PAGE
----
Connected Learning

Jarrod Lamshed

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Connected Classroom – Twitter

One of my ‘back to basics’ this year is harnessing the power of Twitter in both my and my students learning. This is something that has taken a back seat to the ‘busy list’ over the last year or so. Re-establishing this as a part of my routine has added immediate value to both my professional learning and learning in my classroom.

When we talk about ‘new basics’ in education, facilitating a connected classroom has to be one of these. Keeping a class Twitter account open in a browser tab on the screen in our class adds a layer of depth to the learning opportunities we create. A simple thing like our shared class novel becomes a whole different experience when we can have access to the author to interact with as we read. This term we are reading ‘Refugee’ from the ‘My Australian Story’ series, written by Alan Sunderland. One tweet from our class account connected us with Mr Sunderland who has offered to answer questions from students as we make our way through the novel.

Another common experience in Australian classrooms is ‘Behind the News‘. With a class Twitter account, this moves from a ‘viewing’ experience to an interactive learning experience where our students develop questions to ask of expert reporters on a weekly basis. This transforms the learning and allows students to see connections to their world.

For me professionally, being back in the Twittersphere keeps me on my toes. Feeling accountable to someone keeps me blogging regularly which I know helps to solidify my thinking. It keeps me in regular touch with creative thinking about education and it gives me a much broader learning network to bounce ideas around with.

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Back to Basics

This year it’s back to basics for me. Now a few years into my first leadership position, I still manage to get caught up in the juggle between the ‘business’ of a leadership role and the demands of the classroom. In amongst this, I’ve slowly and unintentionally ‘let go’ of a lot of things that were successful in my classroom. With that now clearly in mind, it’s time to rectify the problem.

I don’t think that it’s bad to ‘let go’ of things. We all should be doing this. Paul Clapton-Caputo talks about educators aiming to to have 20% of their practice in a school year be things that you haven’t done before. What I’m talking about is keeping an established base of NEW or CURRENT basics.

A few years ago, Edmodo was the platform for my students to organise themselves and collaborate online, now we use Google Classroom. Even though Edmodo is no longer the right tool for us, the underlying idea of a collaborative and creative, safe, online space for students to work in should be one of these new basics. Connecting globally is another. Instagram, Twitter, Blogs… there a MANY tools that let us do this. The ‘basic’ is that our students develop an understanding of global thinking and collaboration. Having developed a community of educators online over many years, this isn’t a difficult thing to do. It just needs to be brought back into focus.

We all should be having discussions in our schools about what ‘the basics’ are. What are the base line skills and resources to we need to be offering to our students?

Getting ‘back to basics’ doesn’t end in the classroom. What are the basics for me as a professional learner? My goal for this year is to re-engage with my online learning network. These are a group of people that push and challenge my thinking yet, when I get busy, I disengage. Writing on my own blog is another thing that I KNOW helps to clarify my thinking. Again, I struggle to maintain momentum when things get hectic. George Couros talks about not feeling guilty about isolating some work time to do this. I will give this a try.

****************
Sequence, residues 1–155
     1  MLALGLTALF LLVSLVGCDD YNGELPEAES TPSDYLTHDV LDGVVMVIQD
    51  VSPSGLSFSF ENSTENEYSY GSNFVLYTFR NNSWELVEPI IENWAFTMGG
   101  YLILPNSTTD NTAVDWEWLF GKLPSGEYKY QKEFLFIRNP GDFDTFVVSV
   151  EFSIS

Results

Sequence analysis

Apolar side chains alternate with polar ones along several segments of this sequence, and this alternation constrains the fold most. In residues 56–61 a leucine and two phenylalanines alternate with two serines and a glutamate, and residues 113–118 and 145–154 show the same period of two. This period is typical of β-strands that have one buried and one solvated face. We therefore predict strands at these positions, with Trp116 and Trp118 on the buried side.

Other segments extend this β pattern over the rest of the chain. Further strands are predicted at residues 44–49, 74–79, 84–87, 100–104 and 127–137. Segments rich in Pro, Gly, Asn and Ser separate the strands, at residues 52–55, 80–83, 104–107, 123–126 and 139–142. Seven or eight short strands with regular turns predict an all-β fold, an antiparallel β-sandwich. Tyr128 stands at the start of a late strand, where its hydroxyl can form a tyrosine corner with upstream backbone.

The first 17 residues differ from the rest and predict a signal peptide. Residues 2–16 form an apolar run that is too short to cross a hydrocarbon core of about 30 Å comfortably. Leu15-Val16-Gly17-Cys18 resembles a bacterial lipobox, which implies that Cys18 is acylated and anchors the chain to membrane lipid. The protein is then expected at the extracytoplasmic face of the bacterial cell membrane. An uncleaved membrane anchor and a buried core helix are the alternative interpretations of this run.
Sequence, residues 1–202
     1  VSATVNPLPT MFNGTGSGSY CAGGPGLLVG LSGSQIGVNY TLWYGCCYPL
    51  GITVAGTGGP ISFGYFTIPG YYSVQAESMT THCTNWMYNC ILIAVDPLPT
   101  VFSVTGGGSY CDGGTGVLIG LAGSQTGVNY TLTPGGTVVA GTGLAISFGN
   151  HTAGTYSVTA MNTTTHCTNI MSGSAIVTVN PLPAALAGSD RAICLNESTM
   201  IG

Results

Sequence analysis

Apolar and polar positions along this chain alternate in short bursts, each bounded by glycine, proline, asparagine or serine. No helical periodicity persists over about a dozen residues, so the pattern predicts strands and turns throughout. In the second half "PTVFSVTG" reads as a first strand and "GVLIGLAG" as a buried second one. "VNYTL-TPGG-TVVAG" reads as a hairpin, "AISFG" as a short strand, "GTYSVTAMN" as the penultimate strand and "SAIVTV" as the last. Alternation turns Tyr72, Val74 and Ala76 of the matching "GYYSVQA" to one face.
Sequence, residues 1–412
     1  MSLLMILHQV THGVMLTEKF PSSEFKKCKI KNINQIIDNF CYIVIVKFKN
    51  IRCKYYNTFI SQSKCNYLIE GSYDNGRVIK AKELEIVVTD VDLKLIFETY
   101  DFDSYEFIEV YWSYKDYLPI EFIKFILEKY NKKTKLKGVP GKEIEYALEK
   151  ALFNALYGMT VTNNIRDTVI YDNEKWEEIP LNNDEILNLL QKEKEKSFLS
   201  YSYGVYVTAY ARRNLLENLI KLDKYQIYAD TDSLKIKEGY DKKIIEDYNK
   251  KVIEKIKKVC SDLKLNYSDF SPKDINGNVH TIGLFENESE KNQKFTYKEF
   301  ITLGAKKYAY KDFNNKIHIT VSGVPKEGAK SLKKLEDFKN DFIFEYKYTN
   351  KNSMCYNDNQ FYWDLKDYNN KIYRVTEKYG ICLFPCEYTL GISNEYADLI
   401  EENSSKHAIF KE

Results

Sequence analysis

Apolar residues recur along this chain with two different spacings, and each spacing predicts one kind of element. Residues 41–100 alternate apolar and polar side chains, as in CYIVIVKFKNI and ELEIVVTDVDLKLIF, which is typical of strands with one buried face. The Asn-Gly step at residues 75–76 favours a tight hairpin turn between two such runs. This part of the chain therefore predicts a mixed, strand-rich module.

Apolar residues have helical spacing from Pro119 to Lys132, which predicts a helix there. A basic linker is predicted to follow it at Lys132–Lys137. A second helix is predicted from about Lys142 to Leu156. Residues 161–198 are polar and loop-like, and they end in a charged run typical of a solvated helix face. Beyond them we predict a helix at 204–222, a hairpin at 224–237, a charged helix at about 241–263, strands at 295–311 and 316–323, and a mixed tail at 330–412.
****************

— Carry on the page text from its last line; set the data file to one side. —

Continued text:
Having a default mode is normal. It’s what we do. The challenge is to keep moving this ‘default’ forward so we keep improving.

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Weekly Round Up

This year, in my new role, there has been a big focus on supporting the professional learning of others. Being new at this, this has meant that I have let my own professional development slip. This is obviously not ok, so I’ve made a renewed commitment to put aside some time to get this back on track. I’ve missed it. Professional reading, listening, viewing…. engaging, is what keeps me inspired and and striving for improvement in my own practice. This weekly round up (who am I kidding, more like semi weekly) is to reflect on and share what I’ve been looking at.

Teacher Education Review Podcast: Interview with Richard Gerver
Richard Gerver is a new find for me. He isn’t someone that I had come across before in my professional learning. It seems I’ve been missing out. This interview covers thoughts on innovative change, project based learning, and effective leadership. It’s well worth a listen. Following up from this, I’m now reading Richard’s book “Creating Tomorrow’s Schools Today”. It’s an interesting read, especially looking at it from a leadership viewpoint as well as a teacher headset.

Techlandia Podcast: Interview with George Couros
I’ve listened to George (@gcouros) MANY times before and every time, I still get something out of it. This time around, I was particularly interested in the way that George has used social media to set up an authentic communication and sharing space for his district. Wouldn’t it be great to this happening here? As a new leader, I can see the benefits. A chance to create the narrative for not only our school, but our partnership. A chance to create a positive and powerful online presence and open up real communication between our schools, parents and students. Unfortunately, I don’t know how to affect this type of change from my level of leadership? I’m not saying it can’t be done, I’m just saying it needs some more thought. I think creating some momentum at a district level (Education Director?) is needed. Food for thought.